(Thu Jun 19 1997 19:55)
Steve - What about the amssive inflation of paper? What happens with it in the deflation?

(Thu Jun 19 1997 19:55)
bw: Excuse me for being slow, but a time to sell what?

(Thu Jun 19 1997 19:57)
Steve - massive, MASSIVE!

(Thu Jun 19 1997 19:57)
@the scene
J.T. Rourke -- Kind of makes one wonder who's going to be paying all that interest on that ever rising pile of debt that the worlds financial system is resting upon, doesn't it!

(Thu Jun 19 1997 20:00)

Anyone remember how gold did in the winter of '85?
As I recall it went down to about $285. At the
depth of pessimism then, it proceeded to launch into
a bull market which topped out in '87 near $500. In
inflation adjusted dollars, gold is cheaper now than
in early '85. Buy low, sell high.

(Thu Jun 19 1997 20:02)
@the scene
Gunrunner -- I don't know if anyone has E-mailed you a response, but I'll post here in truth that I really think RJ might have some good numbers and contracts that you might mull over!

(Thu Jun 19 1997 20:13)
Bob: Your argument is forceful. The earlier post concerning mediums of exchange was excellent. Your view of the future is also well thought out but it seems to me that it is also predicated on assumptions that are not well founded or well supported by the past.

The, precise, medium of exchange, as you pointed out, can vary in both place and time, according to the needs and resources of the society. That isolated societies of the past were able to develop means of exchange that were acceptable within the confines of their time and place but failed in cross cultural exchange for a lack of broader acceptance, is also a given.

I interpret your subsequent line of thought to be as follows: That the post WWII economic history is a reflection of increasing integration of the world's means of production and because the US has been the clear leader of that period, with a currency that has enjoyed worldwide acceptance for the whole of this century, it therefore naturally follows that it should continue to enjoy said status in perpetuity.

I would view it differently: Should the outward expression of our fiscal and monetary profligacy now become, forever and ever, the accepted standard of exchange for the entire world? Will our continuing and overriding desire to better ourselves at the expense of our neighbors find acceptance in the greater world?

Your point relating the stability of a debt base as a function of willing purchasers of that debt is well made. To the extent that willing foreigners are active buyers of US debt they are, in a sense, surrogate citizens. And the expansion of US debt is able to continue unabated. I would assume that these buyers follow the same logical thread as any investor. They view their universe of options, now wider than ever before, and select accordingly. That they should choose to purchase US debt is a reflection of conditions surrounding similar instruments from alternate sources as much as conditions in the US but they have no guarantees, from the US govt or anyone else, that today's investment parameters will be equally valid tomorrow. Nor do they have any assurance that, on the morrow, an alternate source will not be more attractive than the US is today. The international exchange system will remain what it is today; a fluid system of relative values which must monitored on continuing basis, in order to avoid being savaged.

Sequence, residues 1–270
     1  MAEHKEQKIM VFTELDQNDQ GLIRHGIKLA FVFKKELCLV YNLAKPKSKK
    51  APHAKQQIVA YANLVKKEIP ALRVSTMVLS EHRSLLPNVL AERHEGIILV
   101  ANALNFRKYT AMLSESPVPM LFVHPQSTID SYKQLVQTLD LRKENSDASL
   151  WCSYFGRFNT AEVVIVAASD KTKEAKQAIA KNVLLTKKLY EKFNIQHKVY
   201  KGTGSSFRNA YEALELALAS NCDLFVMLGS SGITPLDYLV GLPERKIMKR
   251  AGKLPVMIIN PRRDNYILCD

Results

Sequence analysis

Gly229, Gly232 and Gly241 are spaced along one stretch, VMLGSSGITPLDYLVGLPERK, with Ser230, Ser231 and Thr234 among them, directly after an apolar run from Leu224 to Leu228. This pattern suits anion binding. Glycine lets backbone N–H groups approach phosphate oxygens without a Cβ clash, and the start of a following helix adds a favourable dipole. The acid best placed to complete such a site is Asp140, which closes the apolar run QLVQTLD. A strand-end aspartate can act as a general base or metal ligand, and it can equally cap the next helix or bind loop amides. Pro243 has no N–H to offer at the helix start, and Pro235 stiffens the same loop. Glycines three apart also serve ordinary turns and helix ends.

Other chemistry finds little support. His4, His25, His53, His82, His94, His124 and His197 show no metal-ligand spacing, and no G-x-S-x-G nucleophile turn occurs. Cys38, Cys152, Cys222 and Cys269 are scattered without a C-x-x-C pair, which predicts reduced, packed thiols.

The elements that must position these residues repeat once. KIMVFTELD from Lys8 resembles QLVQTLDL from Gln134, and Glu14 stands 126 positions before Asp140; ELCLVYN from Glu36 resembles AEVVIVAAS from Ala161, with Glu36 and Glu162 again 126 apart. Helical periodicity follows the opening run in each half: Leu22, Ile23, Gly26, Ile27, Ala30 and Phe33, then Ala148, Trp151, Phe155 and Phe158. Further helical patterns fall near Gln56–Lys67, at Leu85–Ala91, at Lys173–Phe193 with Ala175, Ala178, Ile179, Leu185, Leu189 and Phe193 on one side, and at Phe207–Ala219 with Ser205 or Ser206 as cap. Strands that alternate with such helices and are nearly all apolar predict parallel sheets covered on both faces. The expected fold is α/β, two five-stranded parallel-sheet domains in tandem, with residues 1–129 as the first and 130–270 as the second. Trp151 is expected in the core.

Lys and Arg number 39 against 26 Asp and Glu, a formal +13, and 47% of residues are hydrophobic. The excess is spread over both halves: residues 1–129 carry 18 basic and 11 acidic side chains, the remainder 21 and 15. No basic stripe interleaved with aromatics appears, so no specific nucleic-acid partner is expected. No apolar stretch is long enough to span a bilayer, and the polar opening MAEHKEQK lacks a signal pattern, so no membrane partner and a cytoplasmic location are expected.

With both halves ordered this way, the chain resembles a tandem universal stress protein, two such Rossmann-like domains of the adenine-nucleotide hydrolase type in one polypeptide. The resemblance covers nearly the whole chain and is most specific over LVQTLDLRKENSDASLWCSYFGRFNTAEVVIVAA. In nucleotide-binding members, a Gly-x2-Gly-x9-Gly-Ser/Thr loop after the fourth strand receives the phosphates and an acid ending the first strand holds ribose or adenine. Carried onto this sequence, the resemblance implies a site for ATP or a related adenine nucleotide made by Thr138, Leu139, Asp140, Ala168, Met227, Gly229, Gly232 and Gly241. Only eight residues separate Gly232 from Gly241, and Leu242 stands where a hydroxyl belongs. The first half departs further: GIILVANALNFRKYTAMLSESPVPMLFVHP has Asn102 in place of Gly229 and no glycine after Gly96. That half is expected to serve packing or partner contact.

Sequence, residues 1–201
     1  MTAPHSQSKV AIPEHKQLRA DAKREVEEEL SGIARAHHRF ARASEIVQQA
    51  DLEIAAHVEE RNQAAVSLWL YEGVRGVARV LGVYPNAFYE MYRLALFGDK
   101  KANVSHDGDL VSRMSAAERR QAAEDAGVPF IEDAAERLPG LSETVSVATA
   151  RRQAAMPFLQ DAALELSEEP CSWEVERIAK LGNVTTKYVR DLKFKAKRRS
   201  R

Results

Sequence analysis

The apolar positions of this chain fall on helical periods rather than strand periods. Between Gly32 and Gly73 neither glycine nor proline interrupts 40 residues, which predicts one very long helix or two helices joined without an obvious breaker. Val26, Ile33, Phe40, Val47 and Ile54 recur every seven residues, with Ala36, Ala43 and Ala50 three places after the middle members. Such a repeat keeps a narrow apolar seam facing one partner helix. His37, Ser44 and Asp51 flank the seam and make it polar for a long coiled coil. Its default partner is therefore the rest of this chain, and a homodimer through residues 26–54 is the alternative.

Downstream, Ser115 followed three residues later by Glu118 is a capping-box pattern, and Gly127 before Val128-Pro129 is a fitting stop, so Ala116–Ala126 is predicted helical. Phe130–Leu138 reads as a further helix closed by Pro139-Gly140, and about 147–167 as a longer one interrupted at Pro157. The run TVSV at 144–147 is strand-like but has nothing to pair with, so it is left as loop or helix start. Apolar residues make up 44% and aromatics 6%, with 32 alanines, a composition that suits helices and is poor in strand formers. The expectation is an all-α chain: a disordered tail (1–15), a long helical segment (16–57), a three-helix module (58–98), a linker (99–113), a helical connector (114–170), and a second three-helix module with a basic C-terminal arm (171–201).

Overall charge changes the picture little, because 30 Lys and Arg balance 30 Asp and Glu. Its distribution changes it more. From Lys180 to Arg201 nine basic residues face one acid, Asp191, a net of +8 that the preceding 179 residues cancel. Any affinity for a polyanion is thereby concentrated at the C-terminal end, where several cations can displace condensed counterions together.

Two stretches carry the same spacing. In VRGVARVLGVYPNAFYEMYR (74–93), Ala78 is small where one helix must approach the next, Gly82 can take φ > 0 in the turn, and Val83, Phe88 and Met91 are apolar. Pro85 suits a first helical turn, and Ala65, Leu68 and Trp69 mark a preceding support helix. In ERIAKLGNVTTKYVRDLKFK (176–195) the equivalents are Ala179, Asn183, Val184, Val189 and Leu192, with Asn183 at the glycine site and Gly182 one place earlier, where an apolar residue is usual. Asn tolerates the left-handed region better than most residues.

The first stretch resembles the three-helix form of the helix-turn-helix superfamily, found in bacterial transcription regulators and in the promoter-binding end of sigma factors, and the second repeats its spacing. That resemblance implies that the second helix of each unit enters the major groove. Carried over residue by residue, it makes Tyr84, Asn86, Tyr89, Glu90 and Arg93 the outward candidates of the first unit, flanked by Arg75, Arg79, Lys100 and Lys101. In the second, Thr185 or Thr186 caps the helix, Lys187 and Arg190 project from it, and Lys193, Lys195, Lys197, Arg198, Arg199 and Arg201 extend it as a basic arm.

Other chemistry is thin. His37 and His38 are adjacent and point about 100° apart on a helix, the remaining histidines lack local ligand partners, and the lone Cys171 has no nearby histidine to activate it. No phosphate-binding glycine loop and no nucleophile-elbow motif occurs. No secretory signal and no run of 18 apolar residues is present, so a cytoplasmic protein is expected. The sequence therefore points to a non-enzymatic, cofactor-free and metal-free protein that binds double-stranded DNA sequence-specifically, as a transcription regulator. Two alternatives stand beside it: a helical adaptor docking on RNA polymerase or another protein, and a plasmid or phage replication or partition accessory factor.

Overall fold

In short, the search for a universally accepted means of exchange to serve a universal ecomomy that includes the "credit/currency" paradigm, would still be referential in nature. It's value would be determined the actions of mortals acting in ways that have often have little to do with, or regard for monetary matters. The average legislator from Little Falls or Burgher from Bavaria, often has little regard for the universal effect of his actions. And therein lies the rub. If said, lofty legislator, can stick it to a matron in Madrid in order to better serve his constituents and remain in power, that is the way it shall be and relative currency values be damned.

Given the political and cultural disharmonies of the world, no medium of exchange will long succeed, IF it has any ties to a particular culture or political agency. It can only succeeed, IMO, if it is neutral and beyond the control of states and their agents. Paper is and will always be an agent of the state. Whether the ultimate medium of exchange is gold, platinum, oil or something so far unnoticed, it must in the end be something that is forever beyond the control of other men acting in concert with force of law.

(Thu Jun 19 1997 20:17)
George S Cole: Your esteemed opinion is desired ( and missed,been12hrs! ) . After a couple days of unBEARable news, XAU held at 100.60, bullion up and silver up since yesterday. Your take on the market action today...tomorrow?

(Thu Jun 19 1997 20:18)

(Thu Jun 19 1997 20:19)
Bob: One quick addendum: .... A STABLE store of value is too important to leave in the hands of the state and its agents.

Citizen Blutarsky
(Thu Jun 19 1997 20:21)
@Senate Pension City

You guys hear Clinton at the G7 meeting? "America
is the envy of the world." Wow! That is going to
rub a lot of them foreigners the wrong way! What
the heck is that all about?

Mike Sheller
(Thu Jun 19 1997 20:22)
Catchup Ketchup